264 Monastery of Batalha – 1983

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The Monastery of the Dominicans of Batalha was built to commemorate the victory of the Portuguese over the Castilians at the battle of Aljubarrota in 1385. It was to be the Portuguese monarchy’s main building project for the next two centuries. Here a highly original, national Gothic style evolved, profoundly influenced by Manueline art, as demonstrated by its masterpiece, the Royal Cloister.

Brief synthesis

Constructed in fulfilment of a vow by King João to commemorate the victory over the Castilians at Aljubarrota (15 August 1385), the Dominican , in the centre of Portugal, is one of the masterpieces of Gothic art. The greater part of the monumental complex dates from the reign of João I (1385-1433), when the church (finished in 1416), the royal cloister, the chapter-house, and the funeral chapel of the founder were constructed.

The design has been attributed to the English architect Master Huguet. The chapel’s floor plan consists of an octagonal space inserted in a square, creating two separate volumes that combine most harmoniously. The ceiling consists of an eight-point star-shaped lantern. The most dramatic feature is to be found in the centre of the chapel: the enormous medieval tomb of Dom João I and his wife, Queen Philippa of Lancaster. Bays in the chapel walls contain the tombs of their sons, among them Prince Henry the Navigator.

The main entrance of the church is through the porch on the west facade. On both sides of this portal are sculptures of the twelve apostles standing on consoles. In the centre is a high relief statue of Christ in Majesty surrounded by the Evangelists, framed by six covings decorated with sculptures of biblical kings and queens, prophets and angels holding musical instruments from the Middle Ages. This great profusion of sculptures is completed by the crowning of the Virgin Mary.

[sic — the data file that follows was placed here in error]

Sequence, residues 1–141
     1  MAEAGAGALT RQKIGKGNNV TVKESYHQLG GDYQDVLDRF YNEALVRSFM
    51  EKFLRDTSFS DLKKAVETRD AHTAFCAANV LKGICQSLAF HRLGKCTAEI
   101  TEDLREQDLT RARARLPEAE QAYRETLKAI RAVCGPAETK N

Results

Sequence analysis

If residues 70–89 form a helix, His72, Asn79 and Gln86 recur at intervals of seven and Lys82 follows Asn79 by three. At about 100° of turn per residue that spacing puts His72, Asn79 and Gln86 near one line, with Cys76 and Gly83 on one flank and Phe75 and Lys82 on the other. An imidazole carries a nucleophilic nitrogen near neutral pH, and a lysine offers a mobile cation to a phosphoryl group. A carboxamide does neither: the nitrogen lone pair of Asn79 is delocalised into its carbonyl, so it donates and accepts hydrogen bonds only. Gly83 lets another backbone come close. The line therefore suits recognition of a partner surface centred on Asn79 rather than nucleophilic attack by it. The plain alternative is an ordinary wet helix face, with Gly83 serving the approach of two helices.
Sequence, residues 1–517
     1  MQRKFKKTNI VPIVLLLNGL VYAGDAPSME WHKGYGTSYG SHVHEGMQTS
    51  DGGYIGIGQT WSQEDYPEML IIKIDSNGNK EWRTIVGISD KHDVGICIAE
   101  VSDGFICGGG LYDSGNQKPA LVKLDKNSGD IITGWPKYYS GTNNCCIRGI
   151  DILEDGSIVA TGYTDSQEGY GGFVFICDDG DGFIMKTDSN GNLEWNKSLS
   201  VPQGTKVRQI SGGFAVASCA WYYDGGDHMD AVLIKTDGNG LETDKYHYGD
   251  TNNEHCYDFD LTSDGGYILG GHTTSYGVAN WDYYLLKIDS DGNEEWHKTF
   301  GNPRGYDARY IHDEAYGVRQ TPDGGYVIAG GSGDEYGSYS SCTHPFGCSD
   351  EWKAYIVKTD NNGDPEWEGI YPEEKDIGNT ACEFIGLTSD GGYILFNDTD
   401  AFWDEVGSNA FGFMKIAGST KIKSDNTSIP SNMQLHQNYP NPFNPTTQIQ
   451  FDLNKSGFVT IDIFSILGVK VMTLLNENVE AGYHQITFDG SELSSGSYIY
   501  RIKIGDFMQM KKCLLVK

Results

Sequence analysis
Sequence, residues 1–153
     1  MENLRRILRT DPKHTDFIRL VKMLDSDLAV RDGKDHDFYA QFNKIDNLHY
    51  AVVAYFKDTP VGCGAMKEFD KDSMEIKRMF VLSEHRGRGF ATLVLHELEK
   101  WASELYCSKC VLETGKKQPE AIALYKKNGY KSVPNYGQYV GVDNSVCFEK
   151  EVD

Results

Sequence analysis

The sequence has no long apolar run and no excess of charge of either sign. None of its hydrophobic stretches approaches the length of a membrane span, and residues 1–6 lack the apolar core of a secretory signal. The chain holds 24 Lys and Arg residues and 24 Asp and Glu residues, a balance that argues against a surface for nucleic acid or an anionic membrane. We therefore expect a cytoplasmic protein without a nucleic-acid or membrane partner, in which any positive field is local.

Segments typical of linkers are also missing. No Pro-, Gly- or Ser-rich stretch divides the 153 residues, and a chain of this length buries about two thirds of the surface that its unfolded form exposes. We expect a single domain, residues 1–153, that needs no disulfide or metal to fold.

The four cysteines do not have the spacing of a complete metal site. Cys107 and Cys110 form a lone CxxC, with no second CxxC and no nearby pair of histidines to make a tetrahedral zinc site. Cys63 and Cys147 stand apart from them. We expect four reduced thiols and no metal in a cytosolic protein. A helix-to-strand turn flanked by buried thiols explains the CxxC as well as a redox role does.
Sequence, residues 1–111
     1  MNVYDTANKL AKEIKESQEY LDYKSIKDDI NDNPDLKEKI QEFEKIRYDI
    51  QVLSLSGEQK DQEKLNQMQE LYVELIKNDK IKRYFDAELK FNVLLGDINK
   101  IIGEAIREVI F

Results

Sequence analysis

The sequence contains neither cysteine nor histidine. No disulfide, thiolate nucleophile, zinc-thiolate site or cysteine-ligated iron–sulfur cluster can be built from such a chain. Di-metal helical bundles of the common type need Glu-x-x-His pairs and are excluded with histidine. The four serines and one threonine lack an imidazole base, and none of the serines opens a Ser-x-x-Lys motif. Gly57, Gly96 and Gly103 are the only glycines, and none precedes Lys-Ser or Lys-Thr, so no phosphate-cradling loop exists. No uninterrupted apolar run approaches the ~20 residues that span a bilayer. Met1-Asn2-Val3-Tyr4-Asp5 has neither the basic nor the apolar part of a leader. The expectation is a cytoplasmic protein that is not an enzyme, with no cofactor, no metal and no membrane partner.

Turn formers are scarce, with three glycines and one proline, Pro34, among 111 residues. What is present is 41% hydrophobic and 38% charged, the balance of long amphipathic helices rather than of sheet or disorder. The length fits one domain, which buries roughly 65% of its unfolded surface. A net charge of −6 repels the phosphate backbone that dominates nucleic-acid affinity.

As a monument charged with a symbolic value from its foundation, the was, for more than two centuries, the great workshop of the Portuguese monarchy. It is not surprising that the most characteristic features of a national art would have been determined there, during both the Gothic and the Renaissance periods. Batalha is the conservatory of several privileged expressions of Portuguese art: the sober architectural style of the end of the 14th century, with the stupendous nave of the abbatial, of which the two-storey elevation, with broad arcades and high windows, renders most impressive; the exuberant aesthetic of the capelas imperfeitas; the flamboyant arcades embroidered in a lace-work of stone: the Manueline Baroque even more perceptible in the openwork decor of the tracery of the arcades of the royal cloister than on the immense portal attributed to Mateus Fernandes the Elder; and finally, the hybrid style of João de Castilho, architect of the loggia constructed under João III (1521-1557).

Criterion (i):

The Dominican is one of the absolute masterpieces of Gothic art.

Criterion (ii):

The was, for more than two centuries, an important workshop of the Portuguese monarchy. The most characteristic features of a national art were determined here, both during the Gothic and the Renaissance periods.


Within the boundaries of the 0,98 ha property are located all the necessary elements to express the Outstanding Universal Value of the . To reduce the traffic in the old main road (EN1) which crossed the site’s buffer zone, a new road (A14) was built outside the property and a curtain of trees was planted to reduce possible pollution impacts on the monument.